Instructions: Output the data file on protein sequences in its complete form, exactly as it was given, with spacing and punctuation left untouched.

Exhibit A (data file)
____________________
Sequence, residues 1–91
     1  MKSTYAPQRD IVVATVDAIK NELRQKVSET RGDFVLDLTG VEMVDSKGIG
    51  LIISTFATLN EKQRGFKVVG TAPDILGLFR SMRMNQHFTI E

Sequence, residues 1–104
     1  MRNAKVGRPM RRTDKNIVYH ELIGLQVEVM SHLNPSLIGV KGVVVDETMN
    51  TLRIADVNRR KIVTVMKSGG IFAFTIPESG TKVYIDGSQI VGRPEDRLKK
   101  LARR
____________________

Sequence, residues 1–91
     1  MKSTYAPQRD IVVATVDAIK NELRQKVSET RGDFVLDLTG VEMVDSKGIG
    51  LIISTFATLN EKQRGFKVVG TAPDILGLFR SMRMNQHFTI E

Sequence, residues 1–104
     1  MRNAKVGRPM RRTDKNIVYH ELIGLQVEVM SHLNPSLIGV KGVVVDETMN
    51  TLRIADVNRR KIVTVMKSGG IFAFTIPESG TKVYIDGSQI VGRPEDRLKK
   101  LARR